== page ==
"No, everything is not "ok", but at the same, it does not resemble anything similar to other so called hot spots within the globe we share. The biggest problem to date has been the closures of businesses, and the related economic impact. Not lines of sick people. Not lack of ventilators. Not people being wheeled out back doors under the cover of darkness. No mass graves. No riots. No looting. No zombies.
Perhaps if you were here, you could see it for yourself."
I have family in New York and living there they can not see any of the things you describe above, although there is some major suffering going on in that virus hotspot. If you are not living around the corner of one of the hospitals you will not see any of those things.
I have a friend in Santo Domingo, Los Minas and 3 weeks ago the rumor from enfermeras working there was going on about the hospital around the corner in Los Minas, maternidad, full of corona cases. After hearing that they lived around the corner of a corona hotspot they fled to the country side. Weeks later a newspaper confirmed corona cases in baby's and mothers in maternidad.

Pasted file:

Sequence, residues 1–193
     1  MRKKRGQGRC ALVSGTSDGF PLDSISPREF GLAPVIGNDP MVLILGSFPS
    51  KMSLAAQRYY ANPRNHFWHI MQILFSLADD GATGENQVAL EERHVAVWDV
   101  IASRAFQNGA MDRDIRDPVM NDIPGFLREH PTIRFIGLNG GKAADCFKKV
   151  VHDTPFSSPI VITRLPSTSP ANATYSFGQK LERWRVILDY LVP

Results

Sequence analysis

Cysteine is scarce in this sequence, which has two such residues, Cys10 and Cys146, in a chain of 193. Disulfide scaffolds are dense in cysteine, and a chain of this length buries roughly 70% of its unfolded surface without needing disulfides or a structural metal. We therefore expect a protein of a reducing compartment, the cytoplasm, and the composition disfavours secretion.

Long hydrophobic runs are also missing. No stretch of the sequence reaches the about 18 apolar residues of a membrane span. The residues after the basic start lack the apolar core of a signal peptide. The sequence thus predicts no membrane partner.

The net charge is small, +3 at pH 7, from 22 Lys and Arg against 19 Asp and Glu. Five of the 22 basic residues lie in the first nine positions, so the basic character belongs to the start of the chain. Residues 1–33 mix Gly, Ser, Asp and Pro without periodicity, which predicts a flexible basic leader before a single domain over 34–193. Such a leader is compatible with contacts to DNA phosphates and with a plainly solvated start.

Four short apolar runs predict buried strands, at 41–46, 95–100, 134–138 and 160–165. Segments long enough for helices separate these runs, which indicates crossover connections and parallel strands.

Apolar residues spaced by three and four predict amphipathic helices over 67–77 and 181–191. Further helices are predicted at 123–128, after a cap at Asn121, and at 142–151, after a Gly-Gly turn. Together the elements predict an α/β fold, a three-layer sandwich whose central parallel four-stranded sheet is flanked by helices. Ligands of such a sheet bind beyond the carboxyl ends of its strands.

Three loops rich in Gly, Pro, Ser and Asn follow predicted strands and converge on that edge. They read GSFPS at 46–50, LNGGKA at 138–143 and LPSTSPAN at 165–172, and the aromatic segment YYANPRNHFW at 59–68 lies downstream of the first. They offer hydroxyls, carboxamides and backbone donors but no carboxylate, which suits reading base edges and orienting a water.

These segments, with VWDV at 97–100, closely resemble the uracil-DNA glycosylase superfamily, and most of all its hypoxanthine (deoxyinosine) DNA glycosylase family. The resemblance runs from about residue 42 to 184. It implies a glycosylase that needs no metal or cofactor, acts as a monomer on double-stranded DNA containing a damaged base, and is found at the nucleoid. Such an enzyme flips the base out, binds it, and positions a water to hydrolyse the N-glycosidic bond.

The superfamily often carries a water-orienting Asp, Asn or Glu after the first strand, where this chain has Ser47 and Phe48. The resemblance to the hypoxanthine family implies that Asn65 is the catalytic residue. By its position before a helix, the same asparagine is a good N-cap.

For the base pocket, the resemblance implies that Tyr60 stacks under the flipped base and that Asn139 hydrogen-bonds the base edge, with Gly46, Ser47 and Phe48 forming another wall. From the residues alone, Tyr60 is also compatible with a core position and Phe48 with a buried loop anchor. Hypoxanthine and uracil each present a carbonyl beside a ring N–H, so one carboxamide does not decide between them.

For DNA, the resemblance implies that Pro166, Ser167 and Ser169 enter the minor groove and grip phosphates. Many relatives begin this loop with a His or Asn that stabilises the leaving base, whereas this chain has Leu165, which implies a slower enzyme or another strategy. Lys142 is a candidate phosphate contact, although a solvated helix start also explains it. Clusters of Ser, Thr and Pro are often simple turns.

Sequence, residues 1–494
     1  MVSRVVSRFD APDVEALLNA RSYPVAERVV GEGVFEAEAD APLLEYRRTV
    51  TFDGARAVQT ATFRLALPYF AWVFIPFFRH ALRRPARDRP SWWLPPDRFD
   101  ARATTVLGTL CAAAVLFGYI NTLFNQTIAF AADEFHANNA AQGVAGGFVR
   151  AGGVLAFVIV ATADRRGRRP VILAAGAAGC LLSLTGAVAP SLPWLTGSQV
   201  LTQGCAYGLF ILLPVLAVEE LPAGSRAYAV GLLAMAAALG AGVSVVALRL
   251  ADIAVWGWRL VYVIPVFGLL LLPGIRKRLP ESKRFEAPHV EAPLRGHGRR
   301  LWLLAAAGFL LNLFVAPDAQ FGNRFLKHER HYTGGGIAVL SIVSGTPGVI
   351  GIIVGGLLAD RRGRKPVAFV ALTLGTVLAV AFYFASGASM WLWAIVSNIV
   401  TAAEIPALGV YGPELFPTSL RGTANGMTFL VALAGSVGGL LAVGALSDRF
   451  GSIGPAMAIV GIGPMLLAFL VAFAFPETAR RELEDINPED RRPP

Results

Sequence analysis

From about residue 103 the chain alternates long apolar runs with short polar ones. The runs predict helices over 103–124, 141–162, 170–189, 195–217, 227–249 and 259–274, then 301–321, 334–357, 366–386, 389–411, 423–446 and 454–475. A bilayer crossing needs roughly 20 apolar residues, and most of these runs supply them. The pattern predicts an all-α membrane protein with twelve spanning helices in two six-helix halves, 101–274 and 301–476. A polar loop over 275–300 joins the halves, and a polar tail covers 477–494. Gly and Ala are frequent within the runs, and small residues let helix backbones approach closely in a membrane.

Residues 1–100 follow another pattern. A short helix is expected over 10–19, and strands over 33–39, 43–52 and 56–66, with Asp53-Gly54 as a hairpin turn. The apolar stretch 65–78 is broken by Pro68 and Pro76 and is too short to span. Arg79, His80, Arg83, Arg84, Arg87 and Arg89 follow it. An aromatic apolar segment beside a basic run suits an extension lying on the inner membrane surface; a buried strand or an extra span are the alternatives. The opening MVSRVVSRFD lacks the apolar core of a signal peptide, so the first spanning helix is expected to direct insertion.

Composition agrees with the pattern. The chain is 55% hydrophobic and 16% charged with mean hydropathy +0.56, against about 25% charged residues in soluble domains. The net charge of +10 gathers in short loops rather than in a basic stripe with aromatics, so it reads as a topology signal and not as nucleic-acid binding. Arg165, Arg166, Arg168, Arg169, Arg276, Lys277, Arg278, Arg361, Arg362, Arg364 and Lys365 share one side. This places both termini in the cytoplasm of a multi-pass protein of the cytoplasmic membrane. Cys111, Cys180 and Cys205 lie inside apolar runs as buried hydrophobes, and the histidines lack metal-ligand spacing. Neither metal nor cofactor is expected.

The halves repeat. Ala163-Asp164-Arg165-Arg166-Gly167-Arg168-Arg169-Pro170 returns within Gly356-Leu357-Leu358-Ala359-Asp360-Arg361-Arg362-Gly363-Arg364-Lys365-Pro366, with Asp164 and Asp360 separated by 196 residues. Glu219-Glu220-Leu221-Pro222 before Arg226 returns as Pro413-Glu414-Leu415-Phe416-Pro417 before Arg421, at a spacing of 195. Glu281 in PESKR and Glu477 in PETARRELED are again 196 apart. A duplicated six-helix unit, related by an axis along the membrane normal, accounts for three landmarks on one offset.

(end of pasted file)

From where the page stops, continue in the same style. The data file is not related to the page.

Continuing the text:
I know maternidad and have been there several times and I know Los Minas having lived there, I know how many people are every day in and around that hospital and that it is located in the middle of the densely populated barrio Los Minas. Not a good situation.
Most people living in the middle of a virus disaster will not be able to see any of the things you describe, unless they know the right people or really live around the corner of the hotspots.
Going with your argument that you need to be able to see it, I could now say Santo Domingo is much worse then New York?? But of course not, as anecdotal evidence is next to worthless. But you can say there is stuff going on and more stuff then reported in the numbers. How much, I don't know but with going there and looking you will never find out.